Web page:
Saturday, May 23, 2015

Impetus Refresher - Germans vs Italians

We couldn't muster up enough people for a D&D game last night (a Friday night leading into Memorial Day weekend), but Ryan and Josh were available, and Josh had expressed an interest in playing historical miniatures, so that's what we did. When setting up the game (and trying to remember the rules) it occurred to me just how long it had been since I had played anything. Or painted anything. Going back through blog posts, it was probably the Impetus solo game that I played last November.

With little time to prep anything new, the game we played ended up using the same forces (and little cheat-sheet unit cards) from that game. Feudal Germans vs Communal Italians fighting in Italy circa 1250.
Forces close on each other (Germans at left)

In order to be able to start with the simpler rules (movement etc) and explain as we went, I set up a basic meeting engagement with no terrain other than a few hills and roads, and some decorative fields and hedges. The hills were decent sized, and flanked an open valley in between. In all pictures, the Germans will be on the left/far side and the Italians will be on the right/near side.
Contesting the Center

One of the main things I like about Impetus is that the rules are simple enough to remember fairly well from one playing to the next, but present enough choices to make the game-play interesting. It turned out to be a very good set to teach a new person. By the end of the evening (7 turns I think), Josh had a pretty good grasp of the basics.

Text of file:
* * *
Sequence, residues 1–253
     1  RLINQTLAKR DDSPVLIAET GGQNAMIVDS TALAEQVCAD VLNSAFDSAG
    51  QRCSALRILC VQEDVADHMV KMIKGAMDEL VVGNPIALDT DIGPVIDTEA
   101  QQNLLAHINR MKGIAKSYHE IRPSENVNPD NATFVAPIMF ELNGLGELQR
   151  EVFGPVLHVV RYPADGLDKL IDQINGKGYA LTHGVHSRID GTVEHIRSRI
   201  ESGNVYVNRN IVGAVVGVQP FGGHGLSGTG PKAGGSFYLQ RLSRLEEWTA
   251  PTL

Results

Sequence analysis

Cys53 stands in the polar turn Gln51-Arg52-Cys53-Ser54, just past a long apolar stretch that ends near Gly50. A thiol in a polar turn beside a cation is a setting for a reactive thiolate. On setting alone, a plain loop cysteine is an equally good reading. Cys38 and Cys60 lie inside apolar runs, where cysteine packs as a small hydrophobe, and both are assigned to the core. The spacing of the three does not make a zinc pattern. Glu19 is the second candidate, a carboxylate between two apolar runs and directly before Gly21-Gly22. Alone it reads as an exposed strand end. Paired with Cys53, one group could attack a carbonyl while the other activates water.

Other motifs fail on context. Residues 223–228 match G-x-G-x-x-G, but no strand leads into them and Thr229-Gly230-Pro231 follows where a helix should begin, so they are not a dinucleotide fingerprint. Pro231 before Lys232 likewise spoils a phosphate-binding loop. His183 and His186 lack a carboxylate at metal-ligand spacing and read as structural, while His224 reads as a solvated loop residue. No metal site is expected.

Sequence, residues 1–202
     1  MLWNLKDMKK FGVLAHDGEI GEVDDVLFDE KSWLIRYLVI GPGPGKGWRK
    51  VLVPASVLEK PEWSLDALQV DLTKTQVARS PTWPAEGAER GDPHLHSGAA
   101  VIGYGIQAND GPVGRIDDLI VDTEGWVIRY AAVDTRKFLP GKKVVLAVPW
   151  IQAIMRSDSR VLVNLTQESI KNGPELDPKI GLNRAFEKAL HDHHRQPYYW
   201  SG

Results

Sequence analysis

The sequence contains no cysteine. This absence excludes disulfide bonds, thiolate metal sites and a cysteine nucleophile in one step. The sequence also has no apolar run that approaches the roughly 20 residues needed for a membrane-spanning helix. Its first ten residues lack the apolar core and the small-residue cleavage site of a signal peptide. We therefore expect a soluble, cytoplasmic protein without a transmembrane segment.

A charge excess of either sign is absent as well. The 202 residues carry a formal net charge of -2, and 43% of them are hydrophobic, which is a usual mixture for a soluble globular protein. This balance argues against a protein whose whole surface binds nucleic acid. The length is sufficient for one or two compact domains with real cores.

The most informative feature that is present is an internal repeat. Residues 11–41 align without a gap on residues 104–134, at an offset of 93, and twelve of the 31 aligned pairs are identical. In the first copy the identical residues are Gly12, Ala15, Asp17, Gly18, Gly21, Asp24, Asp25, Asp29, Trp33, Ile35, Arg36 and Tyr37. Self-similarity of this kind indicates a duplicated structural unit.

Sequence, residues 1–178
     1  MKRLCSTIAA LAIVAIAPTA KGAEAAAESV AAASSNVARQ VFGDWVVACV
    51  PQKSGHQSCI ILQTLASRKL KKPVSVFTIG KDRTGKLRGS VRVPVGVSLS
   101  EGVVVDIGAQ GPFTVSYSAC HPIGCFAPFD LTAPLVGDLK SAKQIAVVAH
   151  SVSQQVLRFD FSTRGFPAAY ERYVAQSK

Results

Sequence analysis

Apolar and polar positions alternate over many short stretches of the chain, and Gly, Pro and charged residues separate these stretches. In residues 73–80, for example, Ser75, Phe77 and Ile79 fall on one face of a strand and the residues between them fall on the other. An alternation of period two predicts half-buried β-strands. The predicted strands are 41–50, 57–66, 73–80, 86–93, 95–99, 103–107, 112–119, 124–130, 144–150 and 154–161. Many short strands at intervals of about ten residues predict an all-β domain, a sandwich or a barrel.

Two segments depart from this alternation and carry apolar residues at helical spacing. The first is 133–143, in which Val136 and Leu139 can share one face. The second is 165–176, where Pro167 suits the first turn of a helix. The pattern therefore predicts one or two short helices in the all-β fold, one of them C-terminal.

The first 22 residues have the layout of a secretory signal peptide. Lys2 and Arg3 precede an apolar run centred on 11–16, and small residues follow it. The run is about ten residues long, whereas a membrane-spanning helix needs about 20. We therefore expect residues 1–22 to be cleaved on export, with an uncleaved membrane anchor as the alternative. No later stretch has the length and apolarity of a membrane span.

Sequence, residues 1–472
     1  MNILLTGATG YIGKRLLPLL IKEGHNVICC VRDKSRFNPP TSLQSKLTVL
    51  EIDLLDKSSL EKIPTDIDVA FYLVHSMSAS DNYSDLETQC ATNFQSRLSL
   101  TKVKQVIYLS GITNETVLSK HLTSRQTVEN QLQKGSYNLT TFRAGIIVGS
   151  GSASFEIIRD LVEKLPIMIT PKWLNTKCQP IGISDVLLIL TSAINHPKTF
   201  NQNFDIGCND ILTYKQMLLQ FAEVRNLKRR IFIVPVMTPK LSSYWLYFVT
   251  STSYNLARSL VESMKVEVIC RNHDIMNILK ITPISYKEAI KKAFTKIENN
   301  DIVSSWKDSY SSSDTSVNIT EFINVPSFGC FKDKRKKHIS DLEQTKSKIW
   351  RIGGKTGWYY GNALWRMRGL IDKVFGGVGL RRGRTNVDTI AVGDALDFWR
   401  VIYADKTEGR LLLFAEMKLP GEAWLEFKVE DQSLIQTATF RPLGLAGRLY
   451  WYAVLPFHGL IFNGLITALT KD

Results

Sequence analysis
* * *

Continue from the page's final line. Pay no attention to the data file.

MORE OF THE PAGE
Forces meet on the eastern hill

As for the battle itself, it was a straight-forward move ahead and meet in the middle fight, with attention paid to the high ground on either flank.
Fighting for the hilltop

In general, Ryan (the Germans) rolled very well for initiative, but rolled poorly in combat. Exceptionally poorly in many cases. He was especially good at failing Cohesion Tests in cases when all he had to do was roll anything but a 6. And then invariably rolled a 6...
End of game

By the end of the game (7 turns I believe), the situation had been decided. Out of three leaders per side, the Germans had lost one killed and one captured, and the fighting had largely gone against them. Some good things had happened, but not enough to keep the Italians from clearly having the upper hand. The Germans lost 5 units to the Italians 4, but the types of units lost and the relative position (and condition) of the remaining troops on the field made it extremely likely that the balance would continue to tip further in the Italians favor.

It was a fun evening, and Josh seemed to to enjoy himself (there was no doubt Ryan would, as he has played with us many times before). Impetus, as always, provided a fun game.

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